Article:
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Showing posts from June, 2017

Wednesday's Wildflower: Tickseed, Coreopsis spp.

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Tickseed, Coreopsis spp.
Submitted by Carol Mahler, Serenoa Chapter of Florida Native Plant Society


Although the orange blossom, Citra sinensis, was named our state flower in 1909, the legislature designated the genus Coreopsis as our state wildflower in 1991. According to the Netstate, the story began in 1963 as the Florida Department of Transportation (FDOT) finished a project near Tallahassee that required sod. The sod field had previously been a pasture planted in red clover—a winter forage for cattle. When the clover blossomed in the new grass, people complimented FDOT for their “highway beautification.” That praise inspired FDOT to plant native wildflowers along Florida’s highways.

A partnership with the Florida Federation of Garden Clubs funded a research project at Florida Atlantic University. The results recommended many varieties of coreopsis, and the Federation lobbied for coreopsis to be designated as Florida’s state wildflower. The Florida Statutes, Title 4, Chapter 15, Se…

Wednesday's Wildflower: Withlacoochee Noddingcap

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WITHLACOOCHEE NODDINGCAPS Triphora craigheadii Luer Orchid Family (Orchidaceae)
Submitted by Roger Hammer, Dade Chapter of the Florida Native Plant Society


The fragile, succulent stem of this native orchid averages 1"–2" tall with 1–4 broadly ovate, 3/8" leaves that are dark green above and purple below. 
Flowers are about 3/16" wide and last only 2 hours in the morning. Plants often produce 2 buds that open a week apart. What this means is that you need to be standing in front of plants in bud during June and July at about 10:00 o’clock in the morning and, if you’re lucky, a flower will open. A clue to a bud opening is it stands straight up the day before if opens. Otherwise the buds are nodding. If you miss it, you’ll have one more chance the following week. If you miss that chance, then you’ll have to wait another year.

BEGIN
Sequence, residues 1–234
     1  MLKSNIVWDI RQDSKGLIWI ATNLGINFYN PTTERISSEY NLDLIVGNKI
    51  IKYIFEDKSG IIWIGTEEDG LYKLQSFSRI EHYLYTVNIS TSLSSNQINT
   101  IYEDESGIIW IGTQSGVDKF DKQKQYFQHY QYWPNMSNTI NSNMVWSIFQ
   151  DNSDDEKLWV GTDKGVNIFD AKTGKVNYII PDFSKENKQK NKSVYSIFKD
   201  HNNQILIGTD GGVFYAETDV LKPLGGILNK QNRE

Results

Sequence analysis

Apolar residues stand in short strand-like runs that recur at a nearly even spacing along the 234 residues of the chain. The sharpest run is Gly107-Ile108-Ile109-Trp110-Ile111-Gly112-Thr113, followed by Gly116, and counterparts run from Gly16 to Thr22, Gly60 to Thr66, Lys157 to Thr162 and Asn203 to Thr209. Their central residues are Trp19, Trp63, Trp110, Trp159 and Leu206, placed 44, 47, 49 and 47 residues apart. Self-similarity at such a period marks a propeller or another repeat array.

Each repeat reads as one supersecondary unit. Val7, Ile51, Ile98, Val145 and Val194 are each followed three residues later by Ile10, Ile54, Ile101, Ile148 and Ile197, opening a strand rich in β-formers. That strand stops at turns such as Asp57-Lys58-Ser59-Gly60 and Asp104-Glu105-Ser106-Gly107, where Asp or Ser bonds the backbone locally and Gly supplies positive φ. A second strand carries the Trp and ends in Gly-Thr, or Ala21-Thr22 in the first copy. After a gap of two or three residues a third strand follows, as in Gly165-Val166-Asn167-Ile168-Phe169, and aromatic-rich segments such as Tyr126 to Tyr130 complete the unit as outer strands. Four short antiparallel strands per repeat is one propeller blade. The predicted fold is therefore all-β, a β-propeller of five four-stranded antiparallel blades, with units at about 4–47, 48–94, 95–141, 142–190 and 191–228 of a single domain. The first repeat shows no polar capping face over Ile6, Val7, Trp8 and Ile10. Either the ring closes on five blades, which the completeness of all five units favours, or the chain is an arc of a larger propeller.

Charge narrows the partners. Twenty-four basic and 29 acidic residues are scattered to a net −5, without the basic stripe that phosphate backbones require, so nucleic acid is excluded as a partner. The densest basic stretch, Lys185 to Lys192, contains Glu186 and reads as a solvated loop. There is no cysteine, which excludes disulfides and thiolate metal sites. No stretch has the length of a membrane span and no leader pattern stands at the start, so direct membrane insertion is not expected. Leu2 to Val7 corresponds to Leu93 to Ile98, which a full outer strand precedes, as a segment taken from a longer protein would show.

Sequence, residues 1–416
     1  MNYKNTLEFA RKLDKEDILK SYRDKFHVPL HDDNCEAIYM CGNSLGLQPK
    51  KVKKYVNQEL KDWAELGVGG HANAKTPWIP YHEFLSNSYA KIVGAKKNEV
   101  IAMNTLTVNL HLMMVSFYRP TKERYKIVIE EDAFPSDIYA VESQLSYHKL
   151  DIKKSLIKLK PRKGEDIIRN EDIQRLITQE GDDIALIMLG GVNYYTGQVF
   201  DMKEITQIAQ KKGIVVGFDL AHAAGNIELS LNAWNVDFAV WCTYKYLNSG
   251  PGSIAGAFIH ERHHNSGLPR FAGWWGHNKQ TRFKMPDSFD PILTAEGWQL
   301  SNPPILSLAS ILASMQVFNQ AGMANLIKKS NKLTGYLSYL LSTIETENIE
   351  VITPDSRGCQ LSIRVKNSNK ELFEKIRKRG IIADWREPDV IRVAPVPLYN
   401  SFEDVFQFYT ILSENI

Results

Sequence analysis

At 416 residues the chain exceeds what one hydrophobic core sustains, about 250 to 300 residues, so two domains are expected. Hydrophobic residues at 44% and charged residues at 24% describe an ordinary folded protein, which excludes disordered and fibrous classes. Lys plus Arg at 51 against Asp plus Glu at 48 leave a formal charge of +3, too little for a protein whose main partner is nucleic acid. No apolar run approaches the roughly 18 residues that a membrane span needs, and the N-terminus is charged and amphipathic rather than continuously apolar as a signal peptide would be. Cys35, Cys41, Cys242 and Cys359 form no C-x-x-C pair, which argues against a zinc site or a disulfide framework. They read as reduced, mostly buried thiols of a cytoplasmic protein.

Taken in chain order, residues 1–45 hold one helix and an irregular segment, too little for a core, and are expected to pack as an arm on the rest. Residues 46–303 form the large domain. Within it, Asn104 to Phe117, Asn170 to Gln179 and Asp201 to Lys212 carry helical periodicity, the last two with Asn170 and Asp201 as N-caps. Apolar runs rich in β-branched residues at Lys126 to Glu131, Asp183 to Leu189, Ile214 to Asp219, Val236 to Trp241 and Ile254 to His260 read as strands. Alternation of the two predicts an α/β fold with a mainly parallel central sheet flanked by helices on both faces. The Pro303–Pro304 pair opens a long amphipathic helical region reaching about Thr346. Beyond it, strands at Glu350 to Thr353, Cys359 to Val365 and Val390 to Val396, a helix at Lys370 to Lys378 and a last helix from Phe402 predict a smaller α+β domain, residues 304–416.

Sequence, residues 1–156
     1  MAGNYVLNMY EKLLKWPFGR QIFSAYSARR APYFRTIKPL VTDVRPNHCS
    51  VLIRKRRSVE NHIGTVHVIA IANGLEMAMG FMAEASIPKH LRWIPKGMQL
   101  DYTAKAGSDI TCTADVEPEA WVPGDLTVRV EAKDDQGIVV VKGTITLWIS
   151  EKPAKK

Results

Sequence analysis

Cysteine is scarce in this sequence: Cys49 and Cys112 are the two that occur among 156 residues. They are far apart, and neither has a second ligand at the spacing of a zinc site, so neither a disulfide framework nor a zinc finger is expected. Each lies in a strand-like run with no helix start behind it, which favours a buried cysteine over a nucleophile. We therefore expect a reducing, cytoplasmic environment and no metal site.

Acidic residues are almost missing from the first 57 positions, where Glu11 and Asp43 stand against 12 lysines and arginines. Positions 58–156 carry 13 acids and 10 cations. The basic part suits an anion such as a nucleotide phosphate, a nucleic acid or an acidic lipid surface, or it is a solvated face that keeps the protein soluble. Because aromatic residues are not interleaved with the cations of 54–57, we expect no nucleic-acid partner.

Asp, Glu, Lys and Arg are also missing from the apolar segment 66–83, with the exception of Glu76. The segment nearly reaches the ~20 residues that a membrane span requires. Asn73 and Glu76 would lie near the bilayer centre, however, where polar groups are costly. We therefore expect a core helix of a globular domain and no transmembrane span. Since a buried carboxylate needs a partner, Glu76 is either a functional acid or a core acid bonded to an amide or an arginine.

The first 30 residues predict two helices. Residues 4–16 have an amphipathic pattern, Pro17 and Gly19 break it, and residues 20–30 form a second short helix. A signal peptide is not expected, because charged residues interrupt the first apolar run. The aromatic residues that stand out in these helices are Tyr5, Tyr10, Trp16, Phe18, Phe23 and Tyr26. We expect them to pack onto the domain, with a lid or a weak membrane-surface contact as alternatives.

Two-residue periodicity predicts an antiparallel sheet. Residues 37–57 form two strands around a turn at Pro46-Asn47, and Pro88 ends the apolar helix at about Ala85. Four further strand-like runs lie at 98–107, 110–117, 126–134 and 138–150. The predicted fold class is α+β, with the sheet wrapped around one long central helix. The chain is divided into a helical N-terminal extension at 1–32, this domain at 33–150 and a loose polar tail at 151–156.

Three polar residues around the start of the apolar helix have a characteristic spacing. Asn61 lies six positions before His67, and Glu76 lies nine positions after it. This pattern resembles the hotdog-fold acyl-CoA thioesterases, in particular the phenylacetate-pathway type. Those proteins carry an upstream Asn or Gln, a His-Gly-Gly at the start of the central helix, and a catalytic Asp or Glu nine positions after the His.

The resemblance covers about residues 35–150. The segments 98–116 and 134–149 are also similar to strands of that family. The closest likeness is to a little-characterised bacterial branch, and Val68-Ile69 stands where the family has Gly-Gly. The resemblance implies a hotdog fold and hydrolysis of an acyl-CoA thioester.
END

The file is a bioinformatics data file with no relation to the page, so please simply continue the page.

It is endemic to mesic forests of Citrus, Sumter, Hernando, Highlands, and Collier Counties and can be regarded as one of the rarest wildflowers in th…

Wednesday's Wildflower: Coastal Groundcherry

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Coastal Groundcherry, Physalis augustifolia submitted by Carol Tebay, Longleaf Pine Chapter

I spent my first winter on the Intercoastal Waterway at Big Lagoon in Escambia County getting to know some of the plants in this scrub dune habitat.  I spotted one plant I couldn't identify. Then, in April, while searching the internet to identify some tracks I’d found in the sand, I came across a list of plants that beach mice depend on for food.  I’d recently spotted one of them, the Coastal Groundcherry, Physalis angustifolia (narrow-leaved).  In this harsh, coastal environment, where I tower over many mature runner oaks, Coastal Groundcherry hugs the ground. Just the right height for a tiny beach mouse.


According to the Atlas of Florida Plants, there are ten native species of Physalis growing in Florida.   While Coastal Groundcherry seems to prefer Gulf Coast counties, at least one species of Physalis can be found in most Florida counties.